Definitions and Basics

Interest, from the Concise Encyclopedia of Economics

Interest is the price people pay to have resources now rather than later. Resources, of course, can be anything from college tuition to a big-screen TV. Interest is conventionally expressed as a percentage rate for a period of one year. If borrowers (those who want resources now) can obtain the resources from lenders (those who are willing to surrender current control) on the condition that they return 103 percent of the resources one year later, then the interest rate is 3 percent….

Compound Interest, from

When you borrow money from a bank, you pay interest. Interest is really a fee charged for borrowing the money, it is a percentage charged on the principle amount for a period of a year—usually….

Compound interest is paid on the original principal and on the accumulated past interest….

If you borrow for 5 years the formula will look like A=P(1+r)5….

Calculate how much you’ll save:

Compound Interest Calculator, from

The compound interest calculator is intended to show you how much you’ll have saved after a given number of years. You’ll know how much of your final balance is due to interest earnings, and you can use the compound interest calculator to see how different interest rates affect the outcome….

Rule of 72:

EconomicGrowth, from the Concise Encyclopedia of Economics

In the modern version of an old legend, an investment banker asks to be paid by placing one penny on the first square of a chess board, two pennies on the second square, four on the third, etc. If the banker had asked that only the white squares be used, the initial penny would double in value thirty-one times, leaving $21.5 million on the last square. Using both the black and the white squares makes the penny grow to $92,000,000 billion….

You can figure out how long it takes income to double by dividing the growth rate into the number 72. If growth in the United States continues at the annual rate of 2.1 percent, income per capita will double every 34 years (72/2.1 = 34). In 102 years, income will increase eightfold. This increase is large, but not unprecedented….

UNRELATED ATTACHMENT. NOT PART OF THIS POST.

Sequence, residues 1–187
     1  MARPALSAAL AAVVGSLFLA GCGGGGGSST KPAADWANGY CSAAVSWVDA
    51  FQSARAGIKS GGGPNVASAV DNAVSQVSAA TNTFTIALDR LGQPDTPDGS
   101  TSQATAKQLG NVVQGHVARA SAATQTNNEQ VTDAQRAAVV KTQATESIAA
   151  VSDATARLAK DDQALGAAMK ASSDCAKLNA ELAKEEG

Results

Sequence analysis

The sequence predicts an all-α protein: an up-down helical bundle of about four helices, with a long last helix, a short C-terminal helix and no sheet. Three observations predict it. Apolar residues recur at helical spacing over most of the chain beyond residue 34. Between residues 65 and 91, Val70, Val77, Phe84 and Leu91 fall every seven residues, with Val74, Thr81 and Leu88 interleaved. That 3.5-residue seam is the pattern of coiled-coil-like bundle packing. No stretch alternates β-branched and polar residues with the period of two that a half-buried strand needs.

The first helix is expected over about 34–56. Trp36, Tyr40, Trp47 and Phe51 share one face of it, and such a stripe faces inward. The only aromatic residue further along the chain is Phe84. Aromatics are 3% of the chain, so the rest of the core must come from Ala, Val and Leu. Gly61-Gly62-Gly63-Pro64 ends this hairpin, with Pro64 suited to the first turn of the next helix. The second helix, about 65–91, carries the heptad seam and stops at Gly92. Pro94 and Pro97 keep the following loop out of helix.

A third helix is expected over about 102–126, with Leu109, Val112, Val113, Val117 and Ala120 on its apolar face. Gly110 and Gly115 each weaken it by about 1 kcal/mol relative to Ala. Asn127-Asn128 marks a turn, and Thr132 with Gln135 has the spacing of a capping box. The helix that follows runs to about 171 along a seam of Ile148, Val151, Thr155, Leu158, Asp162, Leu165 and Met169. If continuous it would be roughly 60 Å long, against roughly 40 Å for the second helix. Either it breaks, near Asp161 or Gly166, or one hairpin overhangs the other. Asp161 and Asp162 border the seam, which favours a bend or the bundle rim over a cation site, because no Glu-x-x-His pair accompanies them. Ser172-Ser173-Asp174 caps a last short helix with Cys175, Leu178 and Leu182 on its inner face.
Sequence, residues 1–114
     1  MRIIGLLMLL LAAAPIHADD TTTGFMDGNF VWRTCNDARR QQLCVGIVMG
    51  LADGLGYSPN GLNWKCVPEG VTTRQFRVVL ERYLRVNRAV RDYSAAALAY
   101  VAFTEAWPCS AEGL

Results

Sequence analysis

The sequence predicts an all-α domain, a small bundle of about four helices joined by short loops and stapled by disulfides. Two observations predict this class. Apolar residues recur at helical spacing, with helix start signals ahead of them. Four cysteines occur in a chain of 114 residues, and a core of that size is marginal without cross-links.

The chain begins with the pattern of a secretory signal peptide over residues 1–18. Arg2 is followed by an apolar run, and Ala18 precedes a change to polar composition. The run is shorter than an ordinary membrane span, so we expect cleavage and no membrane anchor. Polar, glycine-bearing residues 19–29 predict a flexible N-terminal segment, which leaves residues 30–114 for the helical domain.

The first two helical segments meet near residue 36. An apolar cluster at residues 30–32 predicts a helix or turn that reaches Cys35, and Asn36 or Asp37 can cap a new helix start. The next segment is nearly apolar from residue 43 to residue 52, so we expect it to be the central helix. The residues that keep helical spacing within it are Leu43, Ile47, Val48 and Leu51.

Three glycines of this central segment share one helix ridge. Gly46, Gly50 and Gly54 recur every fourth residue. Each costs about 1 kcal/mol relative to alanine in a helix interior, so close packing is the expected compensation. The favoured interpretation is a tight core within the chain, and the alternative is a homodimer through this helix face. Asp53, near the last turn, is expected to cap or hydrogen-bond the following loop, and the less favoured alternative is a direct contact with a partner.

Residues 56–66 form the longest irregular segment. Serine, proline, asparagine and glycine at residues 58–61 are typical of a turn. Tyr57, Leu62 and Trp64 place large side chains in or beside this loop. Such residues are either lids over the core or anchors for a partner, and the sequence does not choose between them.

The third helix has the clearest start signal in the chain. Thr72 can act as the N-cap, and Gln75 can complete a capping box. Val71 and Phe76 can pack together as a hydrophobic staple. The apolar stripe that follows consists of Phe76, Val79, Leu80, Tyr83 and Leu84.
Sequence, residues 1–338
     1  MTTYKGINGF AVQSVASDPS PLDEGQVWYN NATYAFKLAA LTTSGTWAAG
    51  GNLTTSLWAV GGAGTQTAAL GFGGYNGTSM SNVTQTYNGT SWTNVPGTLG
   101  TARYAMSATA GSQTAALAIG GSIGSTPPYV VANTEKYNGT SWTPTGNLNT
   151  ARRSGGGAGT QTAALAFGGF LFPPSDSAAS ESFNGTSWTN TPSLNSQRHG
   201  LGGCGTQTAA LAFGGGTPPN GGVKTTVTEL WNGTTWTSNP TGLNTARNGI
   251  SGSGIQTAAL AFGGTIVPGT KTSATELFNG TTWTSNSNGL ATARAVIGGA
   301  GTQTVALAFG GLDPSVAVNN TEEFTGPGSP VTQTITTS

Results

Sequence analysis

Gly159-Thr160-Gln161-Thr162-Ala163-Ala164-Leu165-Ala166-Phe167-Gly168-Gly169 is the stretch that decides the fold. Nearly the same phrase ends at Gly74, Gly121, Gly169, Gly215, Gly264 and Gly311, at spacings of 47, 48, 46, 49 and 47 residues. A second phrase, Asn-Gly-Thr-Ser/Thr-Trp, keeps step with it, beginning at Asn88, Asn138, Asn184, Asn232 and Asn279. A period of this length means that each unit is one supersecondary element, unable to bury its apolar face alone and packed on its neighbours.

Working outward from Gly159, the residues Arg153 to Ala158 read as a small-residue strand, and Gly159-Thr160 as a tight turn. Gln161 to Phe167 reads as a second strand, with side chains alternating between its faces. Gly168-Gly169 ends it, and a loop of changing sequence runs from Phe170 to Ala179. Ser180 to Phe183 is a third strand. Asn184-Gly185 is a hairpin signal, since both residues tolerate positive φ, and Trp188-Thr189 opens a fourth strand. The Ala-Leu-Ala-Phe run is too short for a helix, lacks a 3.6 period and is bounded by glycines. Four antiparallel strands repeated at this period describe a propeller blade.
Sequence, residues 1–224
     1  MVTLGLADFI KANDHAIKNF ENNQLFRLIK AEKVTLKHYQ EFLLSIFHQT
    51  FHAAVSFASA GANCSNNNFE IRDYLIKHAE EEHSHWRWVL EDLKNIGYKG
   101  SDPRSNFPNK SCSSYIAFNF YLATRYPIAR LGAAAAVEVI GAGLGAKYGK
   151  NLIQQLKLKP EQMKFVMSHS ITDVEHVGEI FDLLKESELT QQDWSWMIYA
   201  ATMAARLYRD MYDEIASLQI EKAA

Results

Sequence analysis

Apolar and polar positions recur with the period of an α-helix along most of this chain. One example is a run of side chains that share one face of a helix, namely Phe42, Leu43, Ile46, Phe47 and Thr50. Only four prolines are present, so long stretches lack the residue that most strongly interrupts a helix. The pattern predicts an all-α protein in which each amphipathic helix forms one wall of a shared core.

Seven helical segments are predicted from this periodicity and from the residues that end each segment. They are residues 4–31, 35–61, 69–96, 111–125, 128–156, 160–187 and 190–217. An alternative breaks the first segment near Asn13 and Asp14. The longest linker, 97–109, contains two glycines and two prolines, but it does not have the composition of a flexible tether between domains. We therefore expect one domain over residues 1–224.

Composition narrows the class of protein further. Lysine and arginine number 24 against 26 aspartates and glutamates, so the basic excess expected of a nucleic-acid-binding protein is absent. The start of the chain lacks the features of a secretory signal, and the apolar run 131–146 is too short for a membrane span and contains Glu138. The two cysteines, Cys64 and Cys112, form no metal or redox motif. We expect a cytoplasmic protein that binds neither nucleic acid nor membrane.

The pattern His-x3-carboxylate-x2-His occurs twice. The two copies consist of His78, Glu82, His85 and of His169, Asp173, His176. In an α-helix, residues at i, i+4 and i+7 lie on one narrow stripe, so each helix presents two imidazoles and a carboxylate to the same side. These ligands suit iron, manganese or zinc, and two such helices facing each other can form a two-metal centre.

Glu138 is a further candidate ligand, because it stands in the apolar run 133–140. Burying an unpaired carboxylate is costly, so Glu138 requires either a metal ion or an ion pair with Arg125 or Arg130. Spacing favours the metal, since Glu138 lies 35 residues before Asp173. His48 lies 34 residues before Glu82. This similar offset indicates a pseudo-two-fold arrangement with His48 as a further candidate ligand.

In the News and Examples

Lottery payments:

Present Value, from the Concise Encyclopedia of Economics

Present value is the value today of an amount of money in the future. If the appropriate interest rate is 10 percent, then the present value of $100 spent or earned one year from now is $100/1.10, which is about $91. This simple example illustrates the general truth that the present value of a future amount is less than that actual future amount. If the appropriate interest rate is only 4 percent, then the present value of $100 spent or earned one year from now is $100/1.04, or about $96. This illustrates the fact that the lower the interest rate, the higher the present value. The present value of $100 spent or earned twenty years from now is, using an interest rate of 10 percent, $100/(1.10)20, or about $15. In other words, the present value of an amount far in the future is a small fraction of the amount….

The concept of present value is very useful. One interesting use is to determine what a lottery prize is really worth. The California state government, for example, advertises that one of its lottery prizes is $1 million. But that is not the value of the prize. Instead, the California government promises to pay $50,000 a year for twenty years. If the discount rate is 10 percent and the first payment is received immediately, then the present value of the lottery prize is only $468,246….

A Little History: Primary Sources and References

Interest, in Lalor’s Cyclopedia of Political Economy

INTEREST is the product, the increase (incrementum), the return (reditus) from capital. When interest represents the sum paid at fixed periods by the borrower to the loaner of capital, it retains its generic name, or takes the more special designation of rent or income. The price charged by the proprietor for the use of land leased by him, is rent. The term income is more particularly applied to the product of capital employed in commerce, agriculture or manufactures….

I. LOANS AT INTEREST. Is it permissible to loan at interest? Can one legitimately derive a product from his capital, a revenue from his money? On this question, which no longer seems to be one, the world, until toward the latter part of the last century, was divided. Loans at interest had in their favor the constant practice of peoples, especially of those noted for their progress in wealth, commerce and industry; on the other side were the oracles of religion and the doctors of the law. Now that theology has become more humane on this point, and jurisprudence has relaxed its rigor, socialism has taken up the thesis of the abolition of interest. The sophism has only changed defenders. Instead of justifying this interference with capital on the ground of charity or in consequence of unenlightened views in regard to morality, appeal is now made to envy and the anarchical passions.

The (so-called) laws of Moses recognized the legitimacy of loaning at interest…

Defence of Usury, by Jeremy Bentham on Econlib


Advanced Resources

The Theory of Interest, by Irving Fisher on Econlib

Related Topics

Real, Relative, and Nominal Prices


Monetary Policy and the Federal Reserve